ACA Blog

Stephanie Adams
May 03, 2011

Termination

I’m moving in a month. My husband, a former Texas Aggie, is returning to the homeland to attend medical school. Which means I will be closing the door…leaving…terminating… the clients I have worked with at the Family Counseling Center.

There really is no word I can say that doesn’t feel like it has “abandonment” written all over it. Is it abandonment? No. I’ve given nearly all of them notice by this point. I’ve planned co-therapy with some clients who want to stay with the agency, to smooth the transition to their new therapists. I’m working on setting up a website or email address to make available to clients who want to contact me in the future. Most of them won’t, but it will make a difference that they can.

We’ve developed a complicated intimacy, my clients and I. Most of them have taken the news of my impending departure rather well; which fills me with mixed emotions: relief and sadness.

Some of you may be quick to pounce on that word, sadness. Boundaries! Yes, those are important. But anyone who tells you there isn’t often some sadness associated with termination needs to go off to see the Wizard, because they don’t have a heart. We get into this job because we care about people. We want to see our clients succeed. But sometimes it’s hard because that takes them away from us. It’s a little like being parents in that way.

Termination and parenting both also require the ability to allow the person under your care not to need you any more. It’s a hard thing, that. I AM ready to start over in a new place and start a new phase of my career. But at the same time, the little selfish part of me wants them still to need me. Not because I want them to be dependent. Good lord, neither of us would do well in that situation. But because selfishly, I want to matter to them as they matter to me.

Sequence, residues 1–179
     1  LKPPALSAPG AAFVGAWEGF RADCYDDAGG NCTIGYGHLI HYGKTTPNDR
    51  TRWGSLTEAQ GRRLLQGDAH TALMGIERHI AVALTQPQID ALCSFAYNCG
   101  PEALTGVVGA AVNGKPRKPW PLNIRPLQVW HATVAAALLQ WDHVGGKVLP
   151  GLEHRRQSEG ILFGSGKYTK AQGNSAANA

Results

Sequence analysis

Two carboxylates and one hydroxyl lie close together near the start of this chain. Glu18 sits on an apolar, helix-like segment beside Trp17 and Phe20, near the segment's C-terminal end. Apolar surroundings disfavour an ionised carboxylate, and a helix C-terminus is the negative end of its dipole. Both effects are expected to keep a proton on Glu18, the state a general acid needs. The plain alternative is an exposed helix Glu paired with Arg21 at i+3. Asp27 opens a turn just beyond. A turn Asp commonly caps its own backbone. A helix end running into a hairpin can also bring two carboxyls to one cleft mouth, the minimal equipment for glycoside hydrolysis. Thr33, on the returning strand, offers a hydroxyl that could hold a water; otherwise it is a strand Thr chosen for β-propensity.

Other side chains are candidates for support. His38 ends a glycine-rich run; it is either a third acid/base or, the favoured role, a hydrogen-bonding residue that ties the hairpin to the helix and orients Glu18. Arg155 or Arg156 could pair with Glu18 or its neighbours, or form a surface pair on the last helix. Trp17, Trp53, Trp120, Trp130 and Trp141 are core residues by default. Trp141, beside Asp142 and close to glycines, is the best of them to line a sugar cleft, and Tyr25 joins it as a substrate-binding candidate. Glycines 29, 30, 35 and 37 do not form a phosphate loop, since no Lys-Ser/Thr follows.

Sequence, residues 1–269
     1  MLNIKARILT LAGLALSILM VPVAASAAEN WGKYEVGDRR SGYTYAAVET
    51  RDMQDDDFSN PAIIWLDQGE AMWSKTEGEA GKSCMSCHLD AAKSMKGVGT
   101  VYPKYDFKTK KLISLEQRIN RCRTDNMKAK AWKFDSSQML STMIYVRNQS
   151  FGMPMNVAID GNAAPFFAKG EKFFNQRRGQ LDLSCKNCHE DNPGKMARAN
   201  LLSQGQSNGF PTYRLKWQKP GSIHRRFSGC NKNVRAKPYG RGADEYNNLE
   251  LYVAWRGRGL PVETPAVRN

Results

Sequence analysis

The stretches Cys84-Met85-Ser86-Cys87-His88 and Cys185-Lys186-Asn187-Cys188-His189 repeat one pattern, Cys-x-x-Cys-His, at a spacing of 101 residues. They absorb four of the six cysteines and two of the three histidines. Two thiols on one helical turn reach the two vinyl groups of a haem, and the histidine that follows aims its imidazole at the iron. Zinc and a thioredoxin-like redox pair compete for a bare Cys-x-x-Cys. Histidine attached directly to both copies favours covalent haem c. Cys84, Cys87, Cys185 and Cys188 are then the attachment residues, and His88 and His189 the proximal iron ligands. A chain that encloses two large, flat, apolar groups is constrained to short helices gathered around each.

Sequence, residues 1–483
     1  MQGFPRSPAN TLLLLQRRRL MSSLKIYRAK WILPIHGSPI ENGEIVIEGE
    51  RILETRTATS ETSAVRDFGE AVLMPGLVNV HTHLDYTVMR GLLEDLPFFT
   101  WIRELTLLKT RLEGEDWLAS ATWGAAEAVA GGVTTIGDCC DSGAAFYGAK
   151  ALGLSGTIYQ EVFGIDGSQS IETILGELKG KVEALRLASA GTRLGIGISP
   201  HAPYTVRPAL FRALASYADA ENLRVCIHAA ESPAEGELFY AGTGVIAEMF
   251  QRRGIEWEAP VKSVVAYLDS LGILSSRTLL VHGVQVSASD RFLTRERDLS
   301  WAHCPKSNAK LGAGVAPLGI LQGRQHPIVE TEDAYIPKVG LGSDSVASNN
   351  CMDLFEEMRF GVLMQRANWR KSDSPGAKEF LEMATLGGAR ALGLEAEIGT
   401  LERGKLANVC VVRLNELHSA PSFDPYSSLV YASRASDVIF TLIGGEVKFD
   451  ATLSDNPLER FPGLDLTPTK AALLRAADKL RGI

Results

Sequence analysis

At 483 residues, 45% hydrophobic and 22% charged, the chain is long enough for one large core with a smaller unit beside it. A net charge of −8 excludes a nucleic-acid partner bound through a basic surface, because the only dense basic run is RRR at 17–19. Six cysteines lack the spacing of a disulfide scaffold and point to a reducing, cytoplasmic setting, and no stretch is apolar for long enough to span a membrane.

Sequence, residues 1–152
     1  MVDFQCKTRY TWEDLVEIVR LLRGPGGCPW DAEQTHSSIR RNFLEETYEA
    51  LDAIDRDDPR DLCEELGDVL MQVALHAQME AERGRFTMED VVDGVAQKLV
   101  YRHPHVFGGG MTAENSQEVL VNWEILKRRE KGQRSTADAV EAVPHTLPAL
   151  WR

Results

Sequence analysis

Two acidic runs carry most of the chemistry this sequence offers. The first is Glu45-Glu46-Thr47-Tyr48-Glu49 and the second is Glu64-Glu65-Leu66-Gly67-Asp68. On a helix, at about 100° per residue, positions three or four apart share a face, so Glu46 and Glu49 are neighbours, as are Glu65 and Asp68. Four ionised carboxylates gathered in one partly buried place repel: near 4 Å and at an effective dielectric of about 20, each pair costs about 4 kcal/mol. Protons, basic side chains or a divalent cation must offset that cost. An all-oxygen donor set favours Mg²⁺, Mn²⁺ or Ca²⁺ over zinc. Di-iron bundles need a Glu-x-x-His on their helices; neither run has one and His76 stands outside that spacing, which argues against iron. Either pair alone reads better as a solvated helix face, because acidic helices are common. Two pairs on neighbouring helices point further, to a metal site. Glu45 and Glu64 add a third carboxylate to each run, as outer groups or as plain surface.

I have to remind myself mattering can be a present feeling but a past event. Perhaps they never think of me again. Perhaps I never find out if they worked through their issue, healed their marriage, quit that soul-deadening job. But at one point in time, a tiny dot on the map, I got to be a part of their lives.

Counseling both builds up my self-esteem and keeps me humble. I see on a weekly basis how I am able to build people up, and how well they can take care of themselves. I am neither the biggest person in their lives, nor the least significant. I was just there. I “was”.

The feelings are still going to be there. I can’t wrap them up in a few more sentences written here. I still hurt, and I still feel guilty. But, if self-analysis can be trusted, I don’t think these feelings are dangerous. I think maybe termination is something you should just “be with.” Just feel the feeling. You will miss them. But it’s okay. You did your job. You were there.

After all, if you played a part in a person’s life, can the relationship really ever be said to “end”?



Stephanie Ann Adams is a counselor who believes in the ability of the mind to understand and change behaviors, and in each person’s power to create the life they want. Her blog can be found at www.sassynsane.blogspot.com.

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